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Crop Rotation | Cultivation | Weed and Insect Control | Harvesting

Farmers have almost always practiced some form of crop rotation, varying what is planted in a field from year to year to preserve the soil. A crop like the
potato absorbs more nutrients from the ground than certain other crops, such as hay or grain. To prevent the land from becoming depleted, the farmer rotates the crop he plants in each of his fields, making certain that the demanding ones are not grown on the same parcel of land for several years running. Besides conserving soil nutrients, crop rotation is an effective means of combating weeds.

When farmers adhered to mixed farming practices, they used a longer crop cycle known as the 'seven-year rotation'-- a cycle which, despite its name, could last anywhere from four to eight years. Under this rotation, a year of potatoes would be John William Murphy ploughing.followed by a year of grain, a clover crop, and then two years as hay. The field would then be put out to pasture for another one or two more seasons, and finally a root crop-- such as potatoes or turnips-- would be planted in the field again. There was an unwritten, widely respected rule that potatoes were not to be cultivated in the same field two years in a row.

However, as farms expanded in the twentieth century, crop rotations became more and more attenuated. While mixed farmers had another immediate use for the land where they grew potatoes last season, it is more difficult to convince farmers who specialize solely in potatoes to leave a field fallow for several years between plantings, especially when they have large commercial contracts to meet. Nevertheless, most commercial farmers do not discount the wisdom of the past, and maintain some system of crop rotation in the best interests of their land. Olden days cultivater.

Believing that deep cultivation would ruin the land, traditional farmers paid close attention to the depth at which they were breaking the soil. Perhaps they need not have worried as much as they did; the spring-tooth harrows they used were light and only dug into the ground four to five inches. Since the ground was not loosened very deeply, the farmer could cultivate more often, ensuring that the land remained soft and able to retain moisture.

The farmer had a whole raft of different strategies for keeping weeds out of his well-tended fields. Early spring cultivation and early fall plowing exposed weed seedlings to sunlight and killed a significant portion of them. On other occasions, weeds were simply physically removed, perhaps the only surefire method of preventing their spread. The problem of couch grass was combated by plowing buckwheat over the affected field. Today, weeds are causing more difficulties than they ever have before, and many blame this problem on the increased use of fertilizers and soil degradation.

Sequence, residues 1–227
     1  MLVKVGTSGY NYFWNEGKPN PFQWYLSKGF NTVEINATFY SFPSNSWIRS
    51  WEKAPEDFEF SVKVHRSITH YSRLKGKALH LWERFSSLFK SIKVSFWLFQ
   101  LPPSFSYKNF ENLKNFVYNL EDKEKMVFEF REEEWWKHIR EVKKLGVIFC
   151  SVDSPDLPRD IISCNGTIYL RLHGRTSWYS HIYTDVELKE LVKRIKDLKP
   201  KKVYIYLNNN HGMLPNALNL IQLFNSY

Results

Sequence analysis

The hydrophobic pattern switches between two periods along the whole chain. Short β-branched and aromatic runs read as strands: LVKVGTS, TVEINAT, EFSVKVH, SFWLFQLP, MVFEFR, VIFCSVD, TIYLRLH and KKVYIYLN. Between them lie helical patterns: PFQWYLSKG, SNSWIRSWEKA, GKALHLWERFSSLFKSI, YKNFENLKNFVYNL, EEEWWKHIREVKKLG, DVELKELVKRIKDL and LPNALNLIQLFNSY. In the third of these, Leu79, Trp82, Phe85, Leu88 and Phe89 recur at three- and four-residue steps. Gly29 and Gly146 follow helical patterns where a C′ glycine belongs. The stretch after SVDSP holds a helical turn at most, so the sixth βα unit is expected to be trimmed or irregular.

For early farmers, insect control was none too complicated. For instance, to rid their gardens of earwigs, they tried dousing them with dishwater. The Colorado Potato Beetle was undoubtedly the greatest insect threat for potato farmers. The first pesticide used to battle this beetle was called Paris Green, Clifford MacLaurin (kneeling) and Earle MacKay.and farmers had to shake it on the leaves of their potato plants manually. Later, there appeared on the market a sprayer which consisted of a wooden cask on wheels, where the spraying pump was driven by a bicycle-style chain attached to the axle. The contraption sprayed faster or slower, depending on how fast the horses were pulling it or whether the field went downhill. Before potatoes are harvested, the potato plant must be killed; most farmers today use herbicides to assist in killing the tops. In the past, some farmers did not bother with killing the tops themselves, waiting instead for the heavy fall frosts to eventually do the job for them. But when DDT was introduced after World War II, the widespread use of chemicals quickly replaced traditional means of weed and insect control.

Farmer at work.Early farmers cut their fields of grain using scythes and sickles. But the real job did not even begin until after the grain was cut. The most difficult task was 'threshing,' or separating the kernels of wheat from the chaff. At first, the grain would be threshed using hand-held flails, beaten on the wooden floor until all the wheat had fallen from the stalk. Later, a horse-driven machine was adopted, where a team rode on a treadmill to drive the threshing action. Early potato harvesting was done by hand, filling baskets that were left along the side of a row and picked up by a horse and cart. These methods of harvesting were extremely labour intensive; when potato diggers and combines arrived on the scene, few objections were heard from weary farm families.

Potatoes | Other Crop Varieties | Fertilization